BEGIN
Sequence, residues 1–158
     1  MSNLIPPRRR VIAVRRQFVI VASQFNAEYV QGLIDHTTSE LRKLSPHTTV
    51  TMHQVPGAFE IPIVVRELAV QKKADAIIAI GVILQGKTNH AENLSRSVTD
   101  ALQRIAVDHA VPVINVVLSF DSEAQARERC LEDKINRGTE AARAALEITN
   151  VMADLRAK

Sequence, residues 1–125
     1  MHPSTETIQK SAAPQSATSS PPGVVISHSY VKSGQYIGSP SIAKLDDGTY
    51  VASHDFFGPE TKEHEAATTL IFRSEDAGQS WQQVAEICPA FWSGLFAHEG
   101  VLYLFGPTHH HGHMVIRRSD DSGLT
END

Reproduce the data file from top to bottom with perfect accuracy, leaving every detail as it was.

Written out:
Sequence, residues 1–158
     1  MSNLIPPRRR VIAVRRQFVI VASQFNAEYV QGLIDHTTSE LRKLSPHTTV
    51  TMHQVPGAFE IPIVVRELAV QKKADAIIAI GVILQGKTNH AENLSRSVTD
   101  ALQRIAVDHA VPVINVVLSF DSEAQARERC LEDKINRGTE AARAALEITN
   151  VMADLRAK

Sequence, residues 1–125
     1  MHPSTETIQK SAAPQSATSS PPGVVISHSY VKSGQYIGSP SIAKLDDGTY
    51  VASHDFFGPE TKEHEAATTL IFRSEDAGQS WQQVAEICPA FWSGLFAHEG
   101  VLYLFGPTHH HGHMVIRRSD DSGLT